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Corn dumplings stir-fried with kale

I seem to be in a dumpling-type mood lately. Maybe it's the cooler weather, but there is something pleasing about eating a plump, round dinner when it gets cold. I tend to prefer dumplings in soup, but stir-fried dumplings come a close second. I think it comes from really liking spaetzel with lots and lots of butter. I've been experimenting with the possibilities of tamale flour lately, as the refined texture seems to lend itself really well to smoother, less 'rustic' cornmeal dumplings. It has the advantage of being quicker to work with than normal flour dumplings, and is also more resilient to long cooking.

Later this evening, I am going to try pounding my own mochi from scratch (with real steamed glutinous rice) for torture's sake, then toast it, slather it in indecent amounts of butter and shredded toasted nori, then serve it to us. But I did want to get down my recipe for the cornmeal dumplings as a reference first. It's gluten-free, and can be as egg and dairy-free as one wishes. Dorian, my beloved food inspector cat, is at this very moment approving of the gluten, egg and dairy free version (posted below), because he's... like that.

The kale part to this recipe came about partly because I was craving greens, and wanted to try cooking curly kale, which is a very pretty vegetable. Curly kale is also deeply resilient to long cooking. Unfortunately, cooking does wilt the curls, but it's definitely a less thickly vegetal kale than the Asian versions I usually have.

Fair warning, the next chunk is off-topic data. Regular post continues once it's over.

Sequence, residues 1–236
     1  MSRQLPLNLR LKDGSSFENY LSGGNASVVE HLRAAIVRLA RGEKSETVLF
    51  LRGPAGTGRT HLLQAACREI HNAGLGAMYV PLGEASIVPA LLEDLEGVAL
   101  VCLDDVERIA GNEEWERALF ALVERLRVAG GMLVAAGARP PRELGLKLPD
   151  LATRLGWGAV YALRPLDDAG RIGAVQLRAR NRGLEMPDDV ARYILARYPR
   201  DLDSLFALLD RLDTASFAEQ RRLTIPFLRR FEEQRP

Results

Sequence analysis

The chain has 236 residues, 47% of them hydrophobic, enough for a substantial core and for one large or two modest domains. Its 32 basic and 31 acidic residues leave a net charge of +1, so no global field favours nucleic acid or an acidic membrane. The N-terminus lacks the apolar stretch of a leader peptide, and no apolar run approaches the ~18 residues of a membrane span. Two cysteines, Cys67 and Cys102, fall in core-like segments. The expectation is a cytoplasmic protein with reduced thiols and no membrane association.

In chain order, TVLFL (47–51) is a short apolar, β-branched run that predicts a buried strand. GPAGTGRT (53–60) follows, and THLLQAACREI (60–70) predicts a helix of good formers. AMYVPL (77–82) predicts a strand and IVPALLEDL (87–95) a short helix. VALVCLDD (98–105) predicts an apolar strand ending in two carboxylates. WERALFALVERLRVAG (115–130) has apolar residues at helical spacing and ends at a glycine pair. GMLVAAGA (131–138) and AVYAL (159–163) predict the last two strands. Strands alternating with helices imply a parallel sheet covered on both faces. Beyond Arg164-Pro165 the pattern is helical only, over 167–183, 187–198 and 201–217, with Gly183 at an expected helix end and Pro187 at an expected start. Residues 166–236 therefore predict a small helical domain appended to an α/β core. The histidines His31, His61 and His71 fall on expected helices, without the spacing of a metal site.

Cornmeal Dumplings

2 cups tamale flour (masa harina)
1½ cups warm liquid (water or broth)
¼ cup oil
1 tsp salt

1. Mix all ingredients into a smooth paste. If the paste is too crumbly, add more liquid as necessary. Likewise, if the paste is too soft, add more flour, about a tablespoon at a time. You want an easily stirred paste you can roll into balls with your hands.
2. Scoop a teaspoonful of paste into lightly dampened hands and roll into a ball. Shape the dumplings as you prefer. I like to make a dent with my thumb in each ball of paste, so my dumplings look like little bowls. This seems to boil best for me.
3. Repeat step 2 until all the paste is formed into dumplings.
4. Boil a big pot of water.
5. When water is boiling, drop in dumplings. Cook uncovered for 8 - 10 minutes, until all dumplings float to the surface. Note: If you're cooking the dumplings as part of a soup, just leave it to cook in the soup during the last 10 minutes or so of cooking, covered. The corn flour will help thicken any broth you use. No other step is necessary beyond that.
6. Scoop out and strain dumplings. When they are not too wet, lay them out on a cookie sheet-lined tray, single layer, to dry out a bit more before frying. I usually leave them out for about half an hour. Watch for hungry cats.
7. To store, keep in a plastic bag in the fridge, or freeze for longer use.


1. Mix chopped fresh herbs, pesto or pepper paste into dumpling dough before shaping for different flavours.
2. Use cream or milk instead of water or broth for richer dumplings.
3. Use melted butter or tallow instead of oil for more intense creaminess and a shapely waistline.

Stir-fried with Kale

1 bunch curly kale (chopped fine)
3 cloves garlic (minced)